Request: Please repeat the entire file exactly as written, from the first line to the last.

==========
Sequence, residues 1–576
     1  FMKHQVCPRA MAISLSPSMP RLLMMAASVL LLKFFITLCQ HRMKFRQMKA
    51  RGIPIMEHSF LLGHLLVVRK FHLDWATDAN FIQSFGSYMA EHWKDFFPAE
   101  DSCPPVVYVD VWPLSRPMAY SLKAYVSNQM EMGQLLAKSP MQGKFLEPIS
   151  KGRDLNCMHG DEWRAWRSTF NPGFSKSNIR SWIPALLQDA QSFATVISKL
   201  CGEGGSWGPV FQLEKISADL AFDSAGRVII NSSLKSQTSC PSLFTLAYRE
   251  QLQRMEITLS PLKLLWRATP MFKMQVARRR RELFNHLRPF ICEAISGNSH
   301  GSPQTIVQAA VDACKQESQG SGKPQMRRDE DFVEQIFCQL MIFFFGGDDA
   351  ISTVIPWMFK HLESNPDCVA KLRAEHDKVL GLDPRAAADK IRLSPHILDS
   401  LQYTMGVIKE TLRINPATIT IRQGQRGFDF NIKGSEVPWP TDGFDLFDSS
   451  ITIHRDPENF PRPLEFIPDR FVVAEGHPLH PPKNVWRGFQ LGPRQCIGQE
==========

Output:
Sequence, residues 1–576
     1  FMKHQVCPRA MAISLSPSMP RLLMMAASVL LLKFFITLCQ HRMKFRQMKA
    51  RGIPIMEHSF LLGHLLVVRK FHLDWATDAN FIQSFGSYMA EHWKDFFPAE
   101  DSCPPVVYVD VWPLSRPMAY SLKAYVSNQM EMGQLLAKSP MQGKFLEPIS
   151  KGRDLNCMHG DEWRAWRSTF NPGFSKSNIR SWIPALLQDA QSFATVISKL
   201  CGEGGSWGPV FQLEKISADL AFDSAGRVII NSSLKSQTSC PSLFTLAYRE
   251  QLQRMEITLS PLKLLWRATP MFKMQVARRR RELFNHLRPF ICEAISGNSH
   301  GSPQTIVQAA VDACKQESQG SGKPQMRRDE DFVEQIFCQL MIFFFGGDDA
   351  ISTVIPWMFK HLESNPDCVA KLRAEHDKVL GLDPRAAADK IRLSPHILDS
   401  LQYTMGVIKE TLRINPATIT IRQGQRGFDF NIKGSEVPWP TDGFDLFDSS
   451  ITIHRDPENF PRPLEFIPDR FVVAEGHPLH PPKNVWRGFQ LGPRQCIGQE